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Wrought Iron - The Power And Glory Of The Black Art

We take wrought iron for granted. It's so sturdy and reliable, we assume it will last forever and continue to do its job as a coffee table or a chandelier or a bookcase. And, indeed, it will.

Yet beneath its stalwart exterior lurks a history of romance, mystery and magic worthy of the Black Knight himself. In fact, once upon a time, wrought iron was believed to be a gift from the gods. Which is not surprising, since the earliest iron ore was extracted from meteorites.

Still, the gods apparently decreed that man at least participate in the unwrapping of their gift. The first step was understanding that there could actually be something within the meteorite that was worth extracting. The possibilities were certainly not obvious.

And exactly how to turn the raw material into something useful must have been even less so. It had to be melted twice to reduce the carbon content, then hammered to further expel the carbon and impurities so that the iron would be malleable.

To be sure, gold and silver and bronze were, at the outset, more blatantly ornate. Although even that would change in time. But initially, iron was the outcast 'black metal.' Yet if it was less pretty than its glittery sisters, it was also far stronger. And more useful.

When it turned out that the warriors with the iron swords could beat the warriors with the bronze swords because wrought iron, being stronger and more flexible, was less likely to break in battle, it took on the proportions of the miraculous.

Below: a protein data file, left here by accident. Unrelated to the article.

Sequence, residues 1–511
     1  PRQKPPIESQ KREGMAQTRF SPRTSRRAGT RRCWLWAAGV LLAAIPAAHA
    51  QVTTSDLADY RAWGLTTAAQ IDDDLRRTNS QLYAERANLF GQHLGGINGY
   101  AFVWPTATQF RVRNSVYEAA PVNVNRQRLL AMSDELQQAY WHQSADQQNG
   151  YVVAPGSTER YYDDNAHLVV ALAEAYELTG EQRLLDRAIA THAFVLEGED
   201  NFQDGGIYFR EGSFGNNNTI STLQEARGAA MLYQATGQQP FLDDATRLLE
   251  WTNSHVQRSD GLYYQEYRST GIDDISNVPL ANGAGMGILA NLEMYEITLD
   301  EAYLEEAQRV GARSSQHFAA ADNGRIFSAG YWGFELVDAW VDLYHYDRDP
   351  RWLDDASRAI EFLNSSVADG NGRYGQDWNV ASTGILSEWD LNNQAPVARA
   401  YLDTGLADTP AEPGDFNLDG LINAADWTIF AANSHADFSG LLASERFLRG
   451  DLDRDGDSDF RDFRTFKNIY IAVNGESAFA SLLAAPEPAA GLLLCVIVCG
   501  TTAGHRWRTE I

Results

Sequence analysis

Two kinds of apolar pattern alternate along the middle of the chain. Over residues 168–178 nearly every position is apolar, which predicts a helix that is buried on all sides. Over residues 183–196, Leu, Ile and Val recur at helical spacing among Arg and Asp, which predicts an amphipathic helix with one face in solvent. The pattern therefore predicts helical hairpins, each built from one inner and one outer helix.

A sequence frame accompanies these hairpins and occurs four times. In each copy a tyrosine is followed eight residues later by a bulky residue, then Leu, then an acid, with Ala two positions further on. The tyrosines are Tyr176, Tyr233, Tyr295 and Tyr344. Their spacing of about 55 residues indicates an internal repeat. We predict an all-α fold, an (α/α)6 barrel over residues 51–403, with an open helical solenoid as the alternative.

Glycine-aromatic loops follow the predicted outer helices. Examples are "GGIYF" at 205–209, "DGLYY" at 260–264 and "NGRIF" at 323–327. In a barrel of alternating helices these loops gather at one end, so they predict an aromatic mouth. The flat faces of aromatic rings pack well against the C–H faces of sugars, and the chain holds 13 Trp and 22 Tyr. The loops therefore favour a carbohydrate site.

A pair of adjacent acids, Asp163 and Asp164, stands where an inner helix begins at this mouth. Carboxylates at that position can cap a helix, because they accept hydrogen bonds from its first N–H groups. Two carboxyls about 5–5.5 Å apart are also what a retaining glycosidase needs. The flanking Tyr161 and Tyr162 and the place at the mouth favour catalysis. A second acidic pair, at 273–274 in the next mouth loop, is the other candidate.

As the true power of wrought iron became apparent, men who were capable of creating it were not just held in awe, they were regarded as sorcerers with magical powers. In fact, they became part of the elite pantheon of the gods. In Greek mythology, the blacksmith was represented by Hephaestus, and in Roman mythology by Vulcan.

This perspective, however, was not without its downside. During the Middle Ages, many small towns had written into their bylaws that this enchanting and satanic art could not be taught under penalty of death.

But times - and fears - do change. By the sixteenth century, wrought iron had blossomed from sword point to work of art. The elaborate intricacy of such wrought iron creations as the Tijou Screen at Hampton Court and the entrance gates at Chirk Castle are positively breathtaking. And the almost lace-like delicacy of Robert Bakewell's truly glorious Arbor at Melbourne Hall might convince even the most adamant skeptic that wrought iron is, indeed, a gift from the gods.

So the next time you set your coffee cup down on that wrought iron coffee table, you might want to show it some respect. Lest you anger Hephaestus. Or Vulcan.

Gregory Kerwin, raised in a world of antiques in his grandmother's houses in Paris and Southern France, has spent the decades since accumulating more beautiful and unusual things, still mostly French. You can find them at http://tkcollections.com/

Source: www.articlecity.com